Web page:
Blogs

The Old Woman is back and wait til you read her stories!

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             The old woman hasn’t run out of stories.

The subtitle of Return of Old Maine Woman, written by Glenna Johnson Smith and published this year by Islandport Press, is Tales of Growing Up and Getting Older.

Glenna grew up in the 1920s and 30s in rural Hancock County, eventually moving to Aroostook County where she lived on a farm and taught school.

I guess you can tell from the title that Glenna is some old pleased to be an old woman.

It's all about good food on Saturdays in Skowhegan

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Skowhegan
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The Farmers’ Market and Pick-up Café should be your Saturday destination.

Linda

If you are looking for the perfect way to spend a Saturday morning in Maine, head for Skowhegan. We chose to hit the Farmer’s Market first, then have lunch at the Pickup Cafe.

As soon as you step out of your car you’ll be met with lively music. Twisted Springs was playing that day and let me tell you, that was great fiddling. This market sources locally grown food from 17 farms in the area. I spotted several meat venues which offered turkey, duck, rabbit, sausage, and organic beef.  The Maine Meal has gourmet frozen meals in individual servings. What a great concept!

Shooting bear cubs in their den, killing 100 trout in a day – these Old Tales of the Maine Woods will amaze and appall you

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I had been fishing for about two hours. On counting the catch, we had one hundred and thirty-seven trout.

This might be my dream fishing experience but it is not my story. Its Heber Bishop’s story, written in the Guide Book to the Megantic, Spider, and Upper Dead River Regions in 1887, and reprinted in Steve Pinkham’s amazing (and sometimes appalling) Old Tales of the Maine Woods published by Merrimak Media in 2012.

Bishop’s story continued: My heart smote me for taking so many, but we had carried them up to camp before counting them and it was too late to put any of them back then. So we did the best we could to prevent willful waste, by gutting them, building a smoke house, and giving what we did not eat that day a smoking all that afternoon, night and until noon the next day.

Time to catch Rangeley’s Famous Trout and Salmon – at the Outdoor Heritage Museum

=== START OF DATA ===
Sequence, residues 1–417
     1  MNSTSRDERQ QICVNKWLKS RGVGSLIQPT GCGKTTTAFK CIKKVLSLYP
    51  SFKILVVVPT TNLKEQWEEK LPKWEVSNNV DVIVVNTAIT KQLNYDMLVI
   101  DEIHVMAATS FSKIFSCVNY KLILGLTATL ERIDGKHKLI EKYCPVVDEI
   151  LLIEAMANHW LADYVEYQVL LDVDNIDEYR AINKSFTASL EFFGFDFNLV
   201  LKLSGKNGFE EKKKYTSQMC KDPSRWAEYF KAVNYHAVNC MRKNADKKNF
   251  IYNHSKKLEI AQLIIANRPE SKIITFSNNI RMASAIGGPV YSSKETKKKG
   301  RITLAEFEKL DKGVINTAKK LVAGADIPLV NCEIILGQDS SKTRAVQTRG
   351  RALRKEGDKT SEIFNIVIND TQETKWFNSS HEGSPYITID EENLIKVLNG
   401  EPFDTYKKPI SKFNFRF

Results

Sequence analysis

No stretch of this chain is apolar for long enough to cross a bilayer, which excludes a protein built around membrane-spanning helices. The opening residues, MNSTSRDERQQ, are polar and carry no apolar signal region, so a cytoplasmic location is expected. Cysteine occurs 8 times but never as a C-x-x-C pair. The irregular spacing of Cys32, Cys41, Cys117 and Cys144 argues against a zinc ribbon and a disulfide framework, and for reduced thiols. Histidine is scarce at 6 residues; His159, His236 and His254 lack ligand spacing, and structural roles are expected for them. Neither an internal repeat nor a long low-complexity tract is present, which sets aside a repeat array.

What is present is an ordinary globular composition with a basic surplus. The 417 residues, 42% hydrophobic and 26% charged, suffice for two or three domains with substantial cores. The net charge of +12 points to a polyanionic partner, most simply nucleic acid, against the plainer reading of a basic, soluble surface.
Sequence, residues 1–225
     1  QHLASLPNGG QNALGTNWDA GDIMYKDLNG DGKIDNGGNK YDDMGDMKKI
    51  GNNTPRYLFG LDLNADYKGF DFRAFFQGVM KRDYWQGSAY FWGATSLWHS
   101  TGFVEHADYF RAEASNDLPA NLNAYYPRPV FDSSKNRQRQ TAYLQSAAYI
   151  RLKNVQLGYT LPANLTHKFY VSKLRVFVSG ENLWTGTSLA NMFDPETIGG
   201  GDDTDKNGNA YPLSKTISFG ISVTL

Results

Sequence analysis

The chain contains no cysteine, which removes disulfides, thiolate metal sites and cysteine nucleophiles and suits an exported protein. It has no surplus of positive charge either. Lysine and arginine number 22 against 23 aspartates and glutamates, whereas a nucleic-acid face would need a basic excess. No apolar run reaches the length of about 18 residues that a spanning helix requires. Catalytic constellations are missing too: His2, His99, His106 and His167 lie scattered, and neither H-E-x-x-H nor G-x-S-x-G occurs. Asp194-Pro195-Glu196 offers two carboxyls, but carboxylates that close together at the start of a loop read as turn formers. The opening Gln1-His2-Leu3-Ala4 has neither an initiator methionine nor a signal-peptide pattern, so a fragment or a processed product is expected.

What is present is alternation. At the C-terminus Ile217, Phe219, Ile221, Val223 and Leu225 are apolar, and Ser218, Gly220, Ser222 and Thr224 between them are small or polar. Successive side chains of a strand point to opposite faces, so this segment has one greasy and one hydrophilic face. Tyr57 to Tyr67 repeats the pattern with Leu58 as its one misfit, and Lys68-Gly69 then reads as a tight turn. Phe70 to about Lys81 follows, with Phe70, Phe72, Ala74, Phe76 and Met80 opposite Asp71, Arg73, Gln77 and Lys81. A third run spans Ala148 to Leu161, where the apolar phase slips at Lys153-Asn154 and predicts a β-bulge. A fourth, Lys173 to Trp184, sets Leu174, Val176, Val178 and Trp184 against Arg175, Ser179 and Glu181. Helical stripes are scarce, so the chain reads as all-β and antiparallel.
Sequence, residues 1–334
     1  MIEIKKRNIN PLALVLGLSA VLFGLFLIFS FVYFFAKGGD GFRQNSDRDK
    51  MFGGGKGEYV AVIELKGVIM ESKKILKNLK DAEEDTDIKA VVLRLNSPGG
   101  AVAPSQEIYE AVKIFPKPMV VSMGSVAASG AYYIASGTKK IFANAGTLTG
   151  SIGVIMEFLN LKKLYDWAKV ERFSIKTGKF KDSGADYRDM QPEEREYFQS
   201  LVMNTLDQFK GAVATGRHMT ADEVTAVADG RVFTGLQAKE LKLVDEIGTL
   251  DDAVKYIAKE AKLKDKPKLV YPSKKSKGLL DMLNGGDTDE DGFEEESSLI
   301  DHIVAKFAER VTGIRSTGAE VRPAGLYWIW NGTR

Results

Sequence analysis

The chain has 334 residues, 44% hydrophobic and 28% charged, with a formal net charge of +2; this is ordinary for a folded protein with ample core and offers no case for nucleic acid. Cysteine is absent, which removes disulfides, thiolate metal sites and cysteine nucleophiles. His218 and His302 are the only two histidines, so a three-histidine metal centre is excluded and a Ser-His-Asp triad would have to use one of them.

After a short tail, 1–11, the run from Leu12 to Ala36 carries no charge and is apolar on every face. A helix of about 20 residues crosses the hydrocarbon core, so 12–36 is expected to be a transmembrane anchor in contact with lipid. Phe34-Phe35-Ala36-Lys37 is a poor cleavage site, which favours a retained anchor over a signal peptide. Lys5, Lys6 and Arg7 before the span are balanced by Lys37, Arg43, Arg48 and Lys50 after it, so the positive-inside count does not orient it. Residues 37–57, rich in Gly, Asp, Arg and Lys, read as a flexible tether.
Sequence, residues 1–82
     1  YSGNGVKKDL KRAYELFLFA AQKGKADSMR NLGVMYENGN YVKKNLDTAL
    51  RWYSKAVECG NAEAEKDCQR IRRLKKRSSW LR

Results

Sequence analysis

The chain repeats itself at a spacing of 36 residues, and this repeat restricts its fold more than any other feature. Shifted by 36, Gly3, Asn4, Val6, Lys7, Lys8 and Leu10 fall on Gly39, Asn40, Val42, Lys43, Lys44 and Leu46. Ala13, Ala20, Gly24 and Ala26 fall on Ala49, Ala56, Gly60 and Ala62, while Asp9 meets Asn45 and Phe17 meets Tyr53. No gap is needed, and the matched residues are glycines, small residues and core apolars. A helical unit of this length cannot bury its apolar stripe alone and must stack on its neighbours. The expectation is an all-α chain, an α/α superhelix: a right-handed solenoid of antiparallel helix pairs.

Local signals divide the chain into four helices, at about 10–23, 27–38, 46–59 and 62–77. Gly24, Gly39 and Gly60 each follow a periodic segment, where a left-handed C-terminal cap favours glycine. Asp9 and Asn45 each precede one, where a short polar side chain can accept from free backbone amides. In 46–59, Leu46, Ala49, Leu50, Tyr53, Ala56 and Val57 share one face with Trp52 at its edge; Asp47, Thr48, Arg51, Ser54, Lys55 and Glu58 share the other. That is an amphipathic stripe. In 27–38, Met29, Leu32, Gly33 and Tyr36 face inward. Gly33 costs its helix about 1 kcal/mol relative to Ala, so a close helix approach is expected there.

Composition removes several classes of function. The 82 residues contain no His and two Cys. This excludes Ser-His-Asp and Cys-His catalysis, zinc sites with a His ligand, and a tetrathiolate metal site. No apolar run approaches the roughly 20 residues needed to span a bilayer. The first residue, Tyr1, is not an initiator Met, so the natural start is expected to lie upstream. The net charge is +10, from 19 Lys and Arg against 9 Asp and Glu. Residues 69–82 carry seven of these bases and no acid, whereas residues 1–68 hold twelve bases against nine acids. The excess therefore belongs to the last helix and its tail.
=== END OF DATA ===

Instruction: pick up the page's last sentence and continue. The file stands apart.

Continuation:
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                Gigantic trout and salmon taken from Rangeley’s famous waters are every angler’s dream. I’ve caught five pound brookies and salmon there, but nothing approaching the mounts I’ve seen at the Oquossoc Angling Association.

                And that’s just one reason I’ll be visiting the Outdoor Sporting Heritage Museum in Oquossoc soon, where they are featuring a special exhibit: “Rangeley’s Famous Trout and Salmon.”

The best place in the world to fish for brook trout is…

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I’ve caught everything from giant King Salmon in Alaska to huge Brown Trout in Montana to 23 species of fish in Florida, but brook trout are my passion. It saddens me that we haven’t done more to protect, enhance, and cherish Maine’s native brookies.

 

SWOAM says landowner relations programs have floundered with few if any achievements

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 This is another in my ongoing series on landowner relations, the most important topic and challenge for Maine sportsmen and others who recreate on private land. Of particular importance in this column are the recommendations of Tom Doak for an effective landowner relations program.

A great suggestion about multi-species management is featured in one of the many interesting stories in the July 2014 issue of Maine Woodlands, the newsletter of the Small Woodland Owners Association of Maine.

SWOAM President Rich Merk, who has talked with me before about this idea, writes about the need for multi-species management information.

Mainers on the Titanic offers compelling and astonishing stories

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Until I read Mainers on the Titanic, I had no idea of the scope of that tragedy or how it impacted our state. Mac Smith of Stockton Springs brings it home, in a very compelling way. I was captivated – and astonished.

Published this year by Down East Books, this is no dull history. Mac gives us compelling personal stories of the many Titanic passengers from Maine and their families back home. He’s a great story teller. And oh my, what stories.

From the wealthy summer folks in Bar Harbor, to the far corners of our state, the maiden voyage of the Titanic attracted lots of Mainers and relatives of Mainers. Nearly all the men died, as well as some women and children. Of the 2224 passengers and crew, 1500 perished.

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